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Insect Maneuvers

June 15, 2011

I spotted this guy flirting with the Cat Mint and then, fickle bee, the Cornflower.  We were pretty well kept in bees last year, and I’m anxious to revive our reputation as lunching grounds for rooftop pollinators.

Bee in the Nepeta

Bee piloting through the Nepeta

Bee in the Bachelor's Buttons

Bee in the Bachelor's Buttons

A caterpillar (inch worm?) devastates an unripe tomato last summer

A caterpillar (inch worm?) devastates an unripe tomato last summer

Insects come and go on the roof but their presence always confuddles me.  The sight of them on a hot rooftop in Bushwick, particularly the caterpillars, suggests a talent for mobility and a perseverance in the face of adversity that I am too profoundly envious of to properly understand.  How do they know we have plants?  Do their eggs lurk in the soil? Did they drop from the scabbed feet of the pigeons our neighbour keeps on his roof? Do they just drag themselves up the sides of the building?  It’s all too much to compute, so I just admire the bees and pitch the caterpillars off the roof (if they’re foolish enough to be caught mowing down my dill).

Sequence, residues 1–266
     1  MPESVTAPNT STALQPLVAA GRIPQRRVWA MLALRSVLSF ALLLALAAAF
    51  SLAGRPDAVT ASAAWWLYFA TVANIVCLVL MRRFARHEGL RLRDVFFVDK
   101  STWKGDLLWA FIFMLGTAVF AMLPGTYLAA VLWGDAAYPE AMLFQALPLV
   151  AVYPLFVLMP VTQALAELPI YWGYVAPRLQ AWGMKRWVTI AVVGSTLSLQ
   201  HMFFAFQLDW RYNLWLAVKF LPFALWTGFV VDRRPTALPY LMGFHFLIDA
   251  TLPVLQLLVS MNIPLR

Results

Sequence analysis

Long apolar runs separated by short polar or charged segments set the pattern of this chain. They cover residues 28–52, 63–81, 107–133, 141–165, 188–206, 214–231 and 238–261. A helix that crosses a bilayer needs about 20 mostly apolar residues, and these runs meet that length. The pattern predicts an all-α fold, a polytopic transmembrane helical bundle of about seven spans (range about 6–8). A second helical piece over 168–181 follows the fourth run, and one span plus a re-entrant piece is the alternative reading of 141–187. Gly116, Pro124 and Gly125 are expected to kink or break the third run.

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2 Comments leave one →
  1. July 18, 2011 5:01 pm

    You might identify the dill-eating caterpillers (try that caterpillar book that Suzannah has). The swallowtail butterflies use dill as a host plant. I look forward to future posts!

  2. August 17, 2011 12:04 pm

    Given the barren wasteland that is a Bushwick rooftop, the relentless heat & the lack of protection from wind (not to mention often having to negotiate with bldg owners/management to even get entry to the roof let alone do anything up there), this looks to be quite an accomplishment!

    Love all the info – e.g. I was wondering about the bees, noticed your plants look untouched by hungry insects like caterpillars etc so I’m enjoying moving through your entrees on insects etc & having these kinds of issues addressed. .

    This is a great incentive for me to move from the – buying a few potted plants & a tomato plant for my deck, then sitting back with my morning coffee & wondering why the lavender looks so droopy when I’m out there again after work (apparently it doesnt like to dry out? Note to self: remember to water plants in the morning) stage, to the beginning novice gardener stage…

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